>Fear, Greed, and Enterprise Architecture

>Just wanted to thank Jonas Lamis for posting my guest blog, “Fear, Greed, and Enterprise Architecture,” on the Architecture & Governance Magazine site.

I think A&G is a great magazine — down-to-earth and straightforward views on a range of important topics to CIOs, enterprise architects, and other IT professionals.

Kudos to Jonas and his team!

>The Hype Cycle and Enterprise Architecture


“A Hype Cycle (term coined by Gartner) is a graphic representation of the maturity, adoption and business application of specific technologies.

Hype cycles characterize the over-enthusiasm or “hype” and subsequent disappointment that typically happens with the introduction of new technologies. Hype cycles also show how and when technologies move beyond the hype, offer practical benefits, and become widely accepted.

The hype cycle comprises 5 steps:

  1. Technology Trigger” breakthrough, product launch or other event that generates significant press and interest.
  2. Peak of Inflated Expectations” frenzy of publicity typically generates over-enthusiasm and unrealistic expectations.
  3. Trough of Disillusionment” Technologies fail to meet expectations and quickly become unfashionable.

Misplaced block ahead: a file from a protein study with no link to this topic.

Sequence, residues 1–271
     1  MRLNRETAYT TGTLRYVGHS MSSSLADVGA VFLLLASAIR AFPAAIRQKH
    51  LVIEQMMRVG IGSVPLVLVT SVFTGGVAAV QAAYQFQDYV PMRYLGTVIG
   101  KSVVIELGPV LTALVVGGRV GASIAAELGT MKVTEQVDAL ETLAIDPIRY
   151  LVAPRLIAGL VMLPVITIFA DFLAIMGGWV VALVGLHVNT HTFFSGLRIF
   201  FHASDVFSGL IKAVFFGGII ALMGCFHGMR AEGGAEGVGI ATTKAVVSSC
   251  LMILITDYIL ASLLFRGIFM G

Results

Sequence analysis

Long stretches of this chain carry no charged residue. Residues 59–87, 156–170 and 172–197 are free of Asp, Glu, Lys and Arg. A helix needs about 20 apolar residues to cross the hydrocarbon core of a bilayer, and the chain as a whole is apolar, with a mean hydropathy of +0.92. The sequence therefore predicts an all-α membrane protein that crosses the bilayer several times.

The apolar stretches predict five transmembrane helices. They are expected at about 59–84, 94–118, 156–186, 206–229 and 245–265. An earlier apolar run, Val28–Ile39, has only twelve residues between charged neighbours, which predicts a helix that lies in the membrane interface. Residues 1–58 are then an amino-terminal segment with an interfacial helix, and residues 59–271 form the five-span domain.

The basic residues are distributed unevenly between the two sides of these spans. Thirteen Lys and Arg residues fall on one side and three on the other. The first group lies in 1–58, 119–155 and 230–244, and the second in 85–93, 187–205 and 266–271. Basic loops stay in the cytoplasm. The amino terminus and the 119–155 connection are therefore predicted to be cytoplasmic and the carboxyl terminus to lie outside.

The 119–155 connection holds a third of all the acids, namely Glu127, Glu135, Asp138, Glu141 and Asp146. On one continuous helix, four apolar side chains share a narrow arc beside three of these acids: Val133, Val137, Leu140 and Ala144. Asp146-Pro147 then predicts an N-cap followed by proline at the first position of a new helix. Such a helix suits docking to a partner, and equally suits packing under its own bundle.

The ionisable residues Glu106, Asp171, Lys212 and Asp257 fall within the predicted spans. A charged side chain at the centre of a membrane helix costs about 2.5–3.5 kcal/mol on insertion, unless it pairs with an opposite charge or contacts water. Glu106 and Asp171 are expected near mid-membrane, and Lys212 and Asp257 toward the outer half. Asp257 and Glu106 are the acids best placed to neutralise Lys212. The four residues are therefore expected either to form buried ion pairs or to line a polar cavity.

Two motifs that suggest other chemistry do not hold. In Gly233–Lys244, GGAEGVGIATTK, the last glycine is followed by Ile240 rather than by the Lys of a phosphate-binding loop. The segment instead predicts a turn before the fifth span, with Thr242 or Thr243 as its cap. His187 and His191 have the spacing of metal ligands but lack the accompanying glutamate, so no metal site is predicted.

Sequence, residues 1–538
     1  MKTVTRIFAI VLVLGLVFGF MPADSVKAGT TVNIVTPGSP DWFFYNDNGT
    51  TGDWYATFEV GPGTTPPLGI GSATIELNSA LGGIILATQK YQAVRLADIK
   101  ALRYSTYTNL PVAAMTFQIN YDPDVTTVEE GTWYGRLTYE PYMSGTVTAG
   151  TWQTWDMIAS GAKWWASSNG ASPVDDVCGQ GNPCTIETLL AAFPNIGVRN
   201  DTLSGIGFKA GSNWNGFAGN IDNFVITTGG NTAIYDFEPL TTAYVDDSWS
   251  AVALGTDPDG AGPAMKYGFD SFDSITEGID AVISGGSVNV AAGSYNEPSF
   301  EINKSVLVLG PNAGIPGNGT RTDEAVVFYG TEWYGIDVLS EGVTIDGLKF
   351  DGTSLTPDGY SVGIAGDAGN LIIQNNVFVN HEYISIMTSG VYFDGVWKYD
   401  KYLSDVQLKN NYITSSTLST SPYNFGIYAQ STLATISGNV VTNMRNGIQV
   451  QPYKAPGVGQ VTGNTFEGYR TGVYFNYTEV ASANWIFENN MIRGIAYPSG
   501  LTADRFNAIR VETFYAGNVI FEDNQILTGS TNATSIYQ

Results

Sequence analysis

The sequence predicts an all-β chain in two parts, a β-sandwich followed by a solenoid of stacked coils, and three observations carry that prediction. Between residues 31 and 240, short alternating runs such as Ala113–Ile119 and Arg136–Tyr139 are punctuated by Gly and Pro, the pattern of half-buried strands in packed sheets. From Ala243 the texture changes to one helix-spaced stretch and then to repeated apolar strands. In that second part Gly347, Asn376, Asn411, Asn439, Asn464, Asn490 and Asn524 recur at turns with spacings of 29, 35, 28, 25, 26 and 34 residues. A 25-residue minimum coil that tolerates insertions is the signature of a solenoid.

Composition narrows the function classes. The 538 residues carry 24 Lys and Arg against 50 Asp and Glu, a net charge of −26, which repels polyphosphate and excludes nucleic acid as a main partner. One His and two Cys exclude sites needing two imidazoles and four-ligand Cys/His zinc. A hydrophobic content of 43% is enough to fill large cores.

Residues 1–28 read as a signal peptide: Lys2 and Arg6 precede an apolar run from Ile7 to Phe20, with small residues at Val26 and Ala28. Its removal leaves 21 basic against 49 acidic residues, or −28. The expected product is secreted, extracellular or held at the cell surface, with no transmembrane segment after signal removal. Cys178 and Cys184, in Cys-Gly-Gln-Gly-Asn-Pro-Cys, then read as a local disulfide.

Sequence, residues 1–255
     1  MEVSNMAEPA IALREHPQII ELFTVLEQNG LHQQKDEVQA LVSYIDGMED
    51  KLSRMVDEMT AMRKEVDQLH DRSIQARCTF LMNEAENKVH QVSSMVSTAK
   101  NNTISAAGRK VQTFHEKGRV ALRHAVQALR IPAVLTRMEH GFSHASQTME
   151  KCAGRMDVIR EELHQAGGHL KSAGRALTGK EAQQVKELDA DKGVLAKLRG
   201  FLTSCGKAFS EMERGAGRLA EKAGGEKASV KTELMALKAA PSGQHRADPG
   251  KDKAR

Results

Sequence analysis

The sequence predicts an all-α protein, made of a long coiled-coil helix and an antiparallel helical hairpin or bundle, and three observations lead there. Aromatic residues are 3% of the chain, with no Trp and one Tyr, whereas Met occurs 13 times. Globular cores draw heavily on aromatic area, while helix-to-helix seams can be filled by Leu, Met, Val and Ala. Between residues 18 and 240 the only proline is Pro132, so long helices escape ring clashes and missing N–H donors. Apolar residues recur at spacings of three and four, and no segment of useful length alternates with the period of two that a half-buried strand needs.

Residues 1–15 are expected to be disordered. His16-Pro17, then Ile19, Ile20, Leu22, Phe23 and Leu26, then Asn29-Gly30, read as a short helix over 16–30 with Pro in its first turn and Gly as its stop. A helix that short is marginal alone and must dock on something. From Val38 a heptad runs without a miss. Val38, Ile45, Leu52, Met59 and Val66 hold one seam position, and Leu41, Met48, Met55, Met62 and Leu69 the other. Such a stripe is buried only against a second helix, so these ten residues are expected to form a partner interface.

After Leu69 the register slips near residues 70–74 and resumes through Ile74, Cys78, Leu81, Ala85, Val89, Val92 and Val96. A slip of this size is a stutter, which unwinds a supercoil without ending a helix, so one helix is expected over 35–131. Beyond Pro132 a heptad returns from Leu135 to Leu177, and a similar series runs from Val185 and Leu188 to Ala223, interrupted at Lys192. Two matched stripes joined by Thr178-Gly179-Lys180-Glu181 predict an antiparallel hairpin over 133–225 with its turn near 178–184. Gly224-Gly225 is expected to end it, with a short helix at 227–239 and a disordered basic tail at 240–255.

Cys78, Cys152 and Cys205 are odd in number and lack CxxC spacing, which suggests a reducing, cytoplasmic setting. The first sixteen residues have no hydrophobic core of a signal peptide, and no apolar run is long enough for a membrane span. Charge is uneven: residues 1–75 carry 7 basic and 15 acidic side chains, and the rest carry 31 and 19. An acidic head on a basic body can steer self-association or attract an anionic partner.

4. Slope of Enlightenment” some businesses continue to experiment and understand the benefits and practical application of the technology.
  5. Plateau of Productivity” the benefits become widely demonstrated and accepted. The technology becomes increasingly stable and evolves in second and third generations.

Hype cycles aim to separate the hype from the reality, and enable executives to decide whether or not a particular technology is ready for adoption.” (adapted from Wikipedia)

The Hype Cycle is a tool that can be used by EA to help evaluate new technologies and whether it’s the “right” time to jump in and invest.

The hype cycle teaches us not to be blind, bleeding edge technology adopters, but rather to allow ample time for the technologies and their applications to mature. Often a swift follower can implement a relatively new technology cheaper, faster, and better than those on the bleeding edge: the kinks have been worked out, the patches applied, and the applicability fleshed out. More important, those technologies that were more hype than substance have been eliminated from the mix.

While early adoption can be a winning strategy (and extremely lucrative) for those gifted to recognize and be able to apply real innovations early on, in most cases, the swift follower is the big winner and the bleeding edge adopter the loser.